Dustin Allen; Barton L. Smith

2009-01-01

180

An experimental study of voice-coil driven synthetic jet propulsion for underwater vehicles  

Microsoft Academic Search

This paper investigates the thrust and flow structures produced by submerged synthetic jet actuators. Inspired by the propulsion methods of many sea creatures, such as jellyfish, squids, and salps; synthetic jets use vortex rings to create a net thrust. To assess the potential usability of these thrusters for propulsion and maneuvering of small underwater vehicles, a range of synthetic jet

A. M. Polsenberg-Thomas; Joel Burdick; Kamran Mohseni

2005-01-01

181

A simple propulsion system model for the simulation of nonlinear dynamic thrust response  

NASA Technical Reports Server (NTRS)

A simple mathematical jet engine description is presented where the measured transition functions of the engine thrust can be simulated in a quasi-stationary operation as well as in acceleration or deceleration schedules. Because of its simplicity and high fidelity, it is especially suited for representing jet engines in digital simulation programs.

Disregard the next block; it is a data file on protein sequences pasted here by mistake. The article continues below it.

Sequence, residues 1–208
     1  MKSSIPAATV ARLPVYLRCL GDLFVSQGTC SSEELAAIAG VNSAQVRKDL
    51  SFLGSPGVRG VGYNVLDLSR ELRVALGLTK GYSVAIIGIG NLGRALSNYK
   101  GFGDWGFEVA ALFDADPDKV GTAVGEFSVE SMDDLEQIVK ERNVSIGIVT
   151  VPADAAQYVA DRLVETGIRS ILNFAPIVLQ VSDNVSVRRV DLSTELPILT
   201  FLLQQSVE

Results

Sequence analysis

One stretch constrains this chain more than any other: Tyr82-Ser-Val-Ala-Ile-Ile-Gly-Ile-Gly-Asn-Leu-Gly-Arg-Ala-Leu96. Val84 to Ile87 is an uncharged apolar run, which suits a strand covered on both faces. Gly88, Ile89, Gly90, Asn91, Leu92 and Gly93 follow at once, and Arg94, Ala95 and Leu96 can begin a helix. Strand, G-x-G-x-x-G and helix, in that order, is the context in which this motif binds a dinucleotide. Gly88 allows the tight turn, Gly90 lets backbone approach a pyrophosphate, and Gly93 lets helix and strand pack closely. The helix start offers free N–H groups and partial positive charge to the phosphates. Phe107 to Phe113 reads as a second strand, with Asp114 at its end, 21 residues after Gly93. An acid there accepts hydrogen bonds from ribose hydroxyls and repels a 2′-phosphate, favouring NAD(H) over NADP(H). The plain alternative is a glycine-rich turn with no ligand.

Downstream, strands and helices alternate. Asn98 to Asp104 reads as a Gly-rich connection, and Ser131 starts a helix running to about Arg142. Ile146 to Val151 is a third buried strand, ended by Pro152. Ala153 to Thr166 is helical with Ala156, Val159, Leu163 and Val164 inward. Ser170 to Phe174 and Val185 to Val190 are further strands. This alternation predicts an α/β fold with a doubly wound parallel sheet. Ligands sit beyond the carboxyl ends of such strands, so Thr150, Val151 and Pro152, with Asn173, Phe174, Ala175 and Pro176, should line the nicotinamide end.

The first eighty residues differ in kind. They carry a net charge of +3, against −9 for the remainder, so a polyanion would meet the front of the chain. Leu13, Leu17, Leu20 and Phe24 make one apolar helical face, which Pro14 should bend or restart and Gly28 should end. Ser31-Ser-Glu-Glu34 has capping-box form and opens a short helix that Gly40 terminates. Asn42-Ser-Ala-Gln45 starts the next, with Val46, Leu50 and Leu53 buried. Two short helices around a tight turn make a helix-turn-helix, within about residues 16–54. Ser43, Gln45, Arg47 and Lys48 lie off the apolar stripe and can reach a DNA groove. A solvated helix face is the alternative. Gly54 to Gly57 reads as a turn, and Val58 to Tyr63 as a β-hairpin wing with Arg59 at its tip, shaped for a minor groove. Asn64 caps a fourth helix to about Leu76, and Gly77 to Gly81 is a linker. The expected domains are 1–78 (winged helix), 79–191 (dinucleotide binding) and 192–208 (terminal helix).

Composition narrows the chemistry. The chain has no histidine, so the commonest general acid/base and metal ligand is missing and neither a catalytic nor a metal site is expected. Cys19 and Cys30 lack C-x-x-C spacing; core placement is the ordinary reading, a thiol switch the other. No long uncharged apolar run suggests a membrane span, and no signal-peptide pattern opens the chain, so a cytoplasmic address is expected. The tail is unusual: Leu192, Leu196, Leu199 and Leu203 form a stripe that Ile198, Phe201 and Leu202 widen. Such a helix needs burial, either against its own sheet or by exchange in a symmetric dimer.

Schaenzer, G.; Krauspe, P.

1983-01-01

182

Study on the characteristics of supersonic Coanda jet  

NASA Astrophysics Data System (ADS)

Techniques using Coanda effect have been applied to the fluid control devices. In this field, experimental studies were so far performed for the spiral jet obtained by the Coanda jet issuing from a conical cylinder with an annular slit, thrust vectoring of supersonic Coanda jets and so on. It is important from the viewpoints of effective applications to investigate the characteristics of the supersonic Coanda jet in detail. In the present study, the effects of pressure ratios and nozzle configurations on the characteristics of the supersonic Coanda jet have been investigated experimentally by a schlieren optical method and pressure measurements. Furthermore, Navier-Stokes equations were solved numerically using a 2nd-order TVD finite-volume scheme with a 3rd-order three stage Runge-Kutta method for time integration. k - ? model was used in the computations. The effects of initial conditions on Coanda flow were investigated numerically. As a result, the simulated flow fields were compared with experimental data in good agreement qualitatively.

Matsuo, Shigeru; Setoguchi, Toshiaki; Kudo, Takemasa; Yu, Shen

1998-09-01

183

Effects of internal yaw-vectoring devices on the static performance of a pitch-vectoring nonaxisymmetric convergent-divergent nozzle